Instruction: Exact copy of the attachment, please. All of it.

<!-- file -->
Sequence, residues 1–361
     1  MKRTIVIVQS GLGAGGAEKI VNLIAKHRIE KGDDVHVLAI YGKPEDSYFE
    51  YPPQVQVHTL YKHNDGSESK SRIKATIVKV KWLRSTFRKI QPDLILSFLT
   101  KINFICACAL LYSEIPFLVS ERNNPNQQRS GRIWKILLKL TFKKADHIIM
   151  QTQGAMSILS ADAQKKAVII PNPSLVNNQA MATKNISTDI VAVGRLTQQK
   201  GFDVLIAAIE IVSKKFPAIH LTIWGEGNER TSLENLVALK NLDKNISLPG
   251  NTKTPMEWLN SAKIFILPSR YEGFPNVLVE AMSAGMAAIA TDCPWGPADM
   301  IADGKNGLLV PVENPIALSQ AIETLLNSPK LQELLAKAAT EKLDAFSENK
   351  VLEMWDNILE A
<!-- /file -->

Sequence, residues 1–361
     1  MKRTIVIVQS GLGAGGAEKI VNLIAKHRIE KGDDVHVLAI YGKPEDSYFE
    51  YPPQVQVHTL YKHNDGSESK SRIKATIVKV KWLRSTFRKI QPDLILSFLT
   101  KINFICACAL LYSEIPFLVS ERNNPNQQRS GRIWKILLKL TFKKADHIIM
   151  QTQGAMSILS ADAQKKAVII PNPSLVNNQA MATKNISTDI VAVGRLTQQK
   201  GFDVLIAAIE IVSKKFPAIH LTIWGEGNER TSLENLVALK NLDKNISLPG
   251  NTKTPMEWLN SAKIFILPSR YEGFPNVLVE AMSAGMAAIA TDCPWGPADM
   301  IADGKNGLLV PVENPIALSQ AIETLLNSPK LQELLAKAAT EKLDAFSENK
   351  VLEMWDNILE A